by Daniel J. Barrett
I have absolutely no business publishing a book at age 66 but here I am. How did I get here? Is there anything worthy to share with my fellow writers?
I’ve had a varied career over many decades. I was in banking. I worked for an international manufacturer, traveling worldwide as the manager of planning.
Marketing said I was the only finance person who spoke English and not finance. I went on to become a financial consultant and grant writer.
I wasn’t any more prepared for writing grants than I was for writing books when I started. Being a grant writer meant reading 10 newspapers a day and
keeping current to win financial awards. I made the grants readable so anyone could understand my proposals and their goal--to serve the most at-risk youth. It worked. We
won $200 million dollars to help kids. Learning on the job paid off.
Six years ago, I decided that I was tired of television, other than watching baseball, and I started reading books. I’ve read 1,600 books over that time.
Why? I wanted to learn what made a great book fun to read. I’ve read over 450 different authors. Were they all good? No, but a publisher thought they were.
It was their decision.
Two years ago, I took the plunge and began writing novels. I’ve always learned the hard way, so I transferred my fearlessness in writing grants to my desire to create fiction. What I didn’t know about writing
novels now makes me cringe. Did you know you’re not supposed to use semi-colons in fiction? I didn’t. Quotations, punctuation, and contractions became a Berlitz course, and when told to fix something. I did. Being pigheaded and stubborn with my desire to publish actually paid off. Here I am.
Like a present from heaven, Black Opal Books sent me an email and told me that Conch Town Girl had promise. I brought the novel up to publishing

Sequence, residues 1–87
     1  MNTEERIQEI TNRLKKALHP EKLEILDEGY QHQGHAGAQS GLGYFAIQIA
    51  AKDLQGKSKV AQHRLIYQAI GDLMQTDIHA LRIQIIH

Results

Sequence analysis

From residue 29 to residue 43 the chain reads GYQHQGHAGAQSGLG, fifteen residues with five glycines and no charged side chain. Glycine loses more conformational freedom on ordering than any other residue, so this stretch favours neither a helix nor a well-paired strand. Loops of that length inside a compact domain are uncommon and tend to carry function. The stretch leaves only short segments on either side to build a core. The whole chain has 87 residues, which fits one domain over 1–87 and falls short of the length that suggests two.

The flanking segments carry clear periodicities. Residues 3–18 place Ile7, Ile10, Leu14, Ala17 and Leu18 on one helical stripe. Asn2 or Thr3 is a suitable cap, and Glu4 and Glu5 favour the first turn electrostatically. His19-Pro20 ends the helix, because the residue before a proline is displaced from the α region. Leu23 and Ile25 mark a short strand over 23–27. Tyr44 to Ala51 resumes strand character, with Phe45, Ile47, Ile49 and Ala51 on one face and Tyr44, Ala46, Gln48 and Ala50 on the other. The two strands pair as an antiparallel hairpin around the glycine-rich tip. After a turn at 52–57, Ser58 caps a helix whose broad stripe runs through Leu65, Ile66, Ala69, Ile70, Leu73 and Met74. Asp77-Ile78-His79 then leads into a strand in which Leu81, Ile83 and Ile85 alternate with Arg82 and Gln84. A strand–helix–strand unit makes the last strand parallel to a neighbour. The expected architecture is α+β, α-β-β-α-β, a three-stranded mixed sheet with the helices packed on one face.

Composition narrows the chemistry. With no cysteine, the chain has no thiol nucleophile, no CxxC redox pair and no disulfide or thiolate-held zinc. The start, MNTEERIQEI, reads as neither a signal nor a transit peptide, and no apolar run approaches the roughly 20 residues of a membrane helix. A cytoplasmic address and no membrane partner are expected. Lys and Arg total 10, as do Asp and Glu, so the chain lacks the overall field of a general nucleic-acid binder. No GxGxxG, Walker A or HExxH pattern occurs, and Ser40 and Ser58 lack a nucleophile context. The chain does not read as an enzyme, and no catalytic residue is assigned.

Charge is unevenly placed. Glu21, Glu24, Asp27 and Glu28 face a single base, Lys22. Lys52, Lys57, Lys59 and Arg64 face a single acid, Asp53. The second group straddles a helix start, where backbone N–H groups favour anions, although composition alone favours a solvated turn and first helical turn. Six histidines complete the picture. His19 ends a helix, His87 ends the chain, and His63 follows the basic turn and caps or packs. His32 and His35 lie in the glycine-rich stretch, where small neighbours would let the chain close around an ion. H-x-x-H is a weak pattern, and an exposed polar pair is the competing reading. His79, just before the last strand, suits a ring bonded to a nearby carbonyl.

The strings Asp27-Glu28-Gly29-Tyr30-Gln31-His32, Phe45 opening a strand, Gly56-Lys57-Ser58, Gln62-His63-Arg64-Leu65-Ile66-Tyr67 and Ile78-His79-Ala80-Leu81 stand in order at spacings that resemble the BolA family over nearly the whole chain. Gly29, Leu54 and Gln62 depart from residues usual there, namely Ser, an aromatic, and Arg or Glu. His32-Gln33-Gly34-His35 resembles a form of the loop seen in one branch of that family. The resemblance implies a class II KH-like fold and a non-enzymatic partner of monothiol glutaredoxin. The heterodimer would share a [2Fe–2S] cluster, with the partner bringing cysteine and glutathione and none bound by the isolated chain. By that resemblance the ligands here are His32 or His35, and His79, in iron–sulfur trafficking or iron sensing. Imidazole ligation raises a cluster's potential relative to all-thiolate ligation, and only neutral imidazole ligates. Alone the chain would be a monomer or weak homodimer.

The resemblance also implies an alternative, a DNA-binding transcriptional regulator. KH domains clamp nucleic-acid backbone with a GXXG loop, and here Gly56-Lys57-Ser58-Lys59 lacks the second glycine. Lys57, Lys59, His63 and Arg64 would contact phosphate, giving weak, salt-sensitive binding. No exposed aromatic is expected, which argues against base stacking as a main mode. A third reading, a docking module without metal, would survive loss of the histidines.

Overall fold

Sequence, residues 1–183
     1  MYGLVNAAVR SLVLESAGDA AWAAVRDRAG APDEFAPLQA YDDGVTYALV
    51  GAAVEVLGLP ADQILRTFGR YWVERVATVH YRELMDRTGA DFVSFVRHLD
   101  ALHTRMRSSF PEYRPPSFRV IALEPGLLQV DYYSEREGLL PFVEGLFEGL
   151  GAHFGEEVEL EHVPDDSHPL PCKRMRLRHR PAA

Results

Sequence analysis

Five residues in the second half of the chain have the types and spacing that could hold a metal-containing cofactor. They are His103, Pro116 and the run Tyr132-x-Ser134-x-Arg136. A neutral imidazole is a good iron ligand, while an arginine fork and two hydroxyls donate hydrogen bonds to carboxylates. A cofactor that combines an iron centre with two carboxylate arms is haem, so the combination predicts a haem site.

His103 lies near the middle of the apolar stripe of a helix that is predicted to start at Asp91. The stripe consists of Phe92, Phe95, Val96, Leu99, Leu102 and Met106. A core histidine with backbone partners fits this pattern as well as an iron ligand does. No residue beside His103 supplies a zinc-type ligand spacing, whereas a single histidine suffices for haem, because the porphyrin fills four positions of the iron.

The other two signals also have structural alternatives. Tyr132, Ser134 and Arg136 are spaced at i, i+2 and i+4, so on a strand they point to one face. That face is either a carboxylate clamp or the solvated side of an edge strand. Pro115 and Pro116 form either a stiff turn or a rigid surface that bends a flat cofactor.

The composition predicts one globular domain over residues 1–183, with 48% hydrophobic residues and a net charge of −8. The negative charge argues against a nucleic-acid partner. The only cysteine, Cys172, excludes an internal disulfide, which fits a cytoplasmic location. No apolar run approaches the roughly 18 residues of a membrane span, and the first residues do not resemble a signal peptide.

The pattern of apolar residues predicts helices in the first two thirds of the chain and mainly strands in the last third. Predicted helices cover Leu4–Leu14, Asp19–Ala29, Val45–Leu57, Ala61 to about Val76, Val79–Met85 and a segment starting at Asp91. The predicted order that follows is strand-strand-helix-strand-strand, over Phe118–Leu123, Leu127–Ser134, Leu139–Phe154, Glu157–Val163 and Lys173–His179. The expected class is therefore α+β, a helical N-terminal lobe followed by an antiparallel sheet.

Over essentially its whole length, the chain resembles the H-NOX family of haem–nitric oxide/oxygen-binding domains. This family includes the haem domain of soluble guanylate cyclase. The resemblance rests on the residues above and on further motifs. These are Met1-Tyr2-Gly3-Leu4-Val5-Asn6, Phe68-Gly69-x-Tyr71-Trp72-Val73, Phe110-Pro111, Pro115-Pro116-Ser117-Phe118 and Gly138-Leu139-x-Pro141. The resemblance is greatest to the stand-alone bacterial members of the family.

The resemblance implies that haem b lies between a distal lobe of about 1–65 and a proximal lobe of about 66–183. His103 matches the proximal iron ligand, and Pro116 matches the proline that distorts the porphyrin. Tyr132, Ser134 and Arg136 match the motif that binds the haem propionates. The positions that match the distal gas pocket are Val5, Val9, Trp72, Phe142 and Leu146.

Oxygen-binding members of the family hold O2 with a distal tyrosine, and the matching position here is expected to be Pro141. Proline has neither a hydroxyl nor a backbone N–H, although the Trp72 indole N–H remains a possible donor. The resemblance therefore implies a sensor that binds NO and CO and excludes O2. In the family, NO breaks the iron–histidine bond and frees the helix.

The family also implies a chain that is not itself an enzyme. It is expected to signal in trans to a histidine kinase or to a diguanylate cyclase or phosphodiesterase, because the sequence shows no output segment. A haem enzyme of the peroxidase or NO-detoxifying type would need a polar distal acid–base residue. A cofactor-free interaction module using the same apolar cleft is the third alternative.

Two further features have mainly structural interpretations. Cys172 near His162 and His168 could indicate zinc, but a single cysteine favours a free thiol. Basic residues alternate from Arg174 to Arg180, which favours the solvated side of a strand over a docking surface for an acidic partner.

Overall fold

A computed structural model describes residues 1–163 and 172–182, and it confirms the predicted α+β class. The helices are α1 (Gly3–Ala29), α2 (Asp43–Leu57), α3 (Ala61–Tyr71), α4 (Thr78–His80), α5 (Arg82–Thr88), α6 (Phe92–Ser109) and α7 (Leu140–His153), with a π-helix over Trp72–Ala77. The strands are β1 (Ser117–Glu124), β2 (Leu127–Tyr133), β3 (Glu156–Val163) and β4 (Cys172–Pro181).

standards and they gave me a contract. I revised two other books and received another contract. I have just finished my fourth book in two years
and will be sending that in shortly. As soon as Conch Town Girl was released, I had to learn the publishing and marketing side of being an author.
All while continuing to write grants full time.
What is the point of this blog? Never give up? Don’t worry what people tell you or think about your writing? Be true to your heart? Stay on course? If you
start something, finish it?
I wanted to prove that I could do anything I wanted when I put my mind to it. I can. You can. Anyone can. We teach this to at-risk kids. They don’t get an opportunity to have someone tell them they can be anything they want, at age 15, or at age 66. Colonel Sanders, age 65, started Kentucky Fried Chicken in 1955 and sold it 10 years later to John Y. Brown, Jr., the future Governor of Kentucky. Colonel Harlan David Sanders became a multimillionaire and international icon. You can will your way to success. Just try.
Daniel J. Barrett was born in Rutland, Vermont and has lived his entire life in Troy, New York, ten miles north of Albany. He is a graduate of both Siena College in Loudonville, N.Y. with a BS in Finance, and from Rensselaer Polytechnic Institute in Troy, N.Y, with an MBA in Management. Dan has had a varied career with extensive international experience, traveling worldwide. You may contact him at
Julie Chapman grew up in Key Largo, a tenth-generation Conch, raised in the Florida Keys by her grandmother, Tillie, since Julie’s parents were deceased. Then one night Tillie has a car accident and ends up in a coma, leaving Julie and her best friend Joe to wonder if it really was an accident. As Julie and Joe start digging for the truth, they uncover some dark and desperate secrets that can not only cause them a good deal of trouble, but also cost them their lives.